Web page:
We’ve invested in enforcement – we’re not fining people for leaving bin lids open more than 45 degrees, but persistent offenders who believe that they can fill two to three bins to the brim with waste they haven’t bothered to separate, effectively creating two or three  ‘black bins’.

We try to educate before taking enforcement action and we have seen real improvements with our ‘Changing Behaviours’ programme.

Of course not all waste has to come to the council for recycling. Increasingly the ‘Reduce, Reuse and Recycle’ message is beginning to come through more and more.

Websites like Oldham Freecycle let residents’ list items for free so that others who can get use out of them will come and collect. I’ve used the site and without fail the goods have been collected within hours – quicker than a bulky goods collection could have taken.

The government does need to do far more than simply punish communities with landfill taxes. One of the biggest generators of waste are our very wealthy supermarkets which continue to over package food.

They claim consumers now expect fruit and veg to look neat and pretty, I think that’s a poor excuse.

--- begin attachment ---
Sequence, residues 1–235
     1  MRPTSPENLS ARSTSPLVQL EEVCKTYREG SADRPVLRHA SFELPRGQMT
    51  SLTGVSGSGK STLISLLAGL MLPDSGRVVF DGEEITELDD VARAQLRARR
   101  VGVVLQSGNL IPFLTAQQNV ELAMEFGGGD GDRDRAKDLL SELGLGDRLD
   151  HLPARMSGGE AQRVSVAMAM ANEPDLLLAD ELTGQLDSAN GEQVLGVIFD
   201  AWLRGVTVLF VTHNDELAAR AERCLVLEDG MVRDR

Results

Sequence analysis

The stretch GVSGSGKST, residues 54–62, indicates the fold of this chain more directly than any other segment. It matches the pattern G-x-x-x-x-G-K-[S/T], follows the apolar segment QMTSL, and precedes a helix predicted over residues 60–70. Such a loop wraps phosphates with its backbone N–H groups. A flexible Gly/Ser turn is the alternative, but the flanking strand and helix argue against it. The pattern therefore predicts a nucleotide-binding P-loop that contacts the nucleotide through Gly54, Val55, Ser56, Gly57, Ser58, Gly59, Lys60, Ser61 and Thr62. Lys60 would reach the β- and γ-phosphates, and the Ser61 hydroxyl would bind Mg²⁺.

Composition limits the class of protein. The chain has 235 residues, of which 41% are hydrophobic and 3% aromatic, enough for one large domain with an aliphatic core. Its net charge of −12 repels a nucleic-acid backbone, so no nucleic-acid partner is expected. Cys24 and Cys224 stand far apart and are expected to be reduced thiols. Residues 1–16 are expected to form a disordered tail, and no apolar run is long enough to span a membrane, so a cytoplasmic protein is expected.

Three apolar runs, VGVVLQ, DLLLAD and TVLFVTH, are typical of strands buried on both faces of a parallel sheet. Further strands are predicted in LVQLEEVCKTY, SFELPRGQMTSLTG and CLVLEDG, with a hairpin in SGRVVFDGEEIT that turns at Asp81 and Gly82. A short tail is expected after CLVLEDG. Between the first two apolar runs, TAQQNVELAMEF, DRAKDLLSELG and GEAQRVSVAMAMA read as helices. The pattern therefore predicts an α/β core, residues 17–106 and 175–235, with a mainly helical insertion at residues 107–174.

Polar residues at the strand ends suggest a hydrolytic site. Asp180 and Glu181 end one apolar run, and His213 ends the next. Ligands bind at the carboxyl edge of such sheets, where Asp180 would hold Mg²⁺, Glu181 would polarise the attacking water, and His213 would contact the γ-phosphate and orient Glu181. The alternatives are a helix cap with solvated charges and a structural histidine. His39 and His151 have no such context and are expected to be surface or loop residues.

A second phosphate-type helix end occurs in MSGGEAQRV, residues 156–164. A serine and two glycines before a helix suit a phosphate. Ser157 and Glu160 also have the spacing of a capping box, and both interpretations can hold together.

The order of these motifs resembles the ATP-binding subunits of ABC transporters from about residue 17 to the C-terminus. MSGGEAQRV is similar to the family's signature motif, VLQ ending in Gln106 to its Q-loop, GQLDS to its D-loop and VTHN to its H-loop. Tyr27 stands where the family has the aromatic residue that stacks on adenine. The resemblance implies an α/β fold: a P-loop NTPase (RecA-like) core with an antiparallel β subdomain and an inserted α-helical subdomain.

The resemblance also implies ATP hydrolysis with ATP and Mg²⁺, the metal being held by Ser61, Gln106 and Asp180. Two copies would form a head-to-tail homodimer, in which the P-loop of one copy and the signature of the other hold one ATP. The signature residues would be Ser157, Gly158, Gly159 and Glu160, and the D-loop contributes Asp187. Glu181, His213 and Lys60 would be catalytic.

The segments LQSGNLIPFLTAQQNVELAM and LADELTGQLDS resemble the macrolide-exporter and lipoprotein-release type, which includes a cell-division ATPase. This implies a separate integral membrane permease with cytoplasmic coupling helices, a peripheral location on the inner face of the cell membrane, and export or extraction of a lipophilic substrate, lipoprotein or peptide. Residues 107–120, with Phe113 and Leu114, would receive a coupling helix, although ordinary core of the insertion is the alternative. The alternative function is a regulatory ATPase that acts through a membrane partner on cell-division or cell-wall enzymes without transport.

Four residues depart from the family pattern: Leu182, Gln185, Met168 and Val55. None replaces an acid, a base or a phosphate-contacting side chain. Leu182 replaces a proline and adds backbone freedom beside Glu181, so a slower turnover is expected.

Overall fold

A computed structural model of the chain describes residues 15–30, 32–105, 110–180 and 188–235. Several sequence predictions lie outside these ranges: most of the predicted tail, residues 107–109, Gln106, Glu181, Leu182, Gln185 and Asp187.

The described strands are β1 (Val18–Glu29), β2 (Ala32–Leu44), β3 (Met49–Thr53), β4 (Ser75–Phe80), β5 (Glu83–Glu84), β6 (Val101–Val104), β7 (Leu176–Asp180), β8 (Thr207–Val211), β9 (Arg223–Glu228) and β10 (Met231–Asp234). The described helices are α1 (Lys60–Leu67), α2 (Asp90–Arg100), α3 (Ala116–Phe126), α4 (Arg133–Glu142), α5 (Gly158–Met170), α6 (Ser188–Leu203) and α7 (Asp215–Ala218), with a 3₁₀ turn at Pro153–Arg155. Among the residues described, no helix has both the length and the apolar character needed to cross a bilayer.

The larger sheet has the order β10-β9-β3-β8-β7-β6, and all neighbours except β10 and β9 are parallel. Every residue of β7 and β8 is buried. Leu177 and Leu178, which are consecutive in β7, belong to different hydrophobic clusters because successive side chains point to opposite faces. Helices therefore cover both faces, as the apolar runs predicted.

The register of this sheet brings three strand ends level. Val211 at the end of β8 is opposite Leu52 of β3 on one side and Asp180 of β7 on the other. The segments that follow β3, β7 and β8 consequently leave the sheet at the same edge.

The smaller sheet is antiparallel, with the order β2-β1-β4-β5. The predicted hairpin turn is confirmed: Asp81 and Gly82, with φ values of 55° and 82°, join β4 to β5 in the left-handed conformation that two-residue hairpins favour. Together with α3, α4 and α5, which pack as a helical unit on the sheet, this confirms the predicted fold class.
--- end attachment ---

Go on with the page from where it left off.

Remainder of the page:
Perhaps a ‘landfill generator’ tax to supermarkets would focus minds?

Until then we’ve got to do what we can to reduce the cost to Oldham. Now some of course will say ‘that’s what I pay my council tax for’, which of course is true.

But it makes no more sense than it would to turn your heating on full blast and leave all your windows and doors wide open. You could do it, but it makes no sense.

If we all recycle more that will save money and that could have a big impact when we are forced to look at cutting services our communities rely on. Surely this has got to be an easy win?

You can find out more about recycling across Greater Manchester at http://www.recycleforgreatermanchester.com/

Thanks for listening,

Jim

Council Tax and Landfill Tax

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LANDFILL – Landfill Tax on Local Authorities has increased from £24 a tonne to £80 since 2008. The Local Government Association is campaigning for it to be frozen.

MOST residents will have received their annual Council Tax bills by now – and there are two concerns that I want to address.

Before doing so, I must start by agreeing wholeheartedly that the way we explain the breakdown of your Council Tax increases is confusing.

The first query that has been raised is why the published overall increase (including levies and precepts – see below for explanation) was 3.5 per cent, yet the Council Tax bill states the total increase is 3.7 per cent?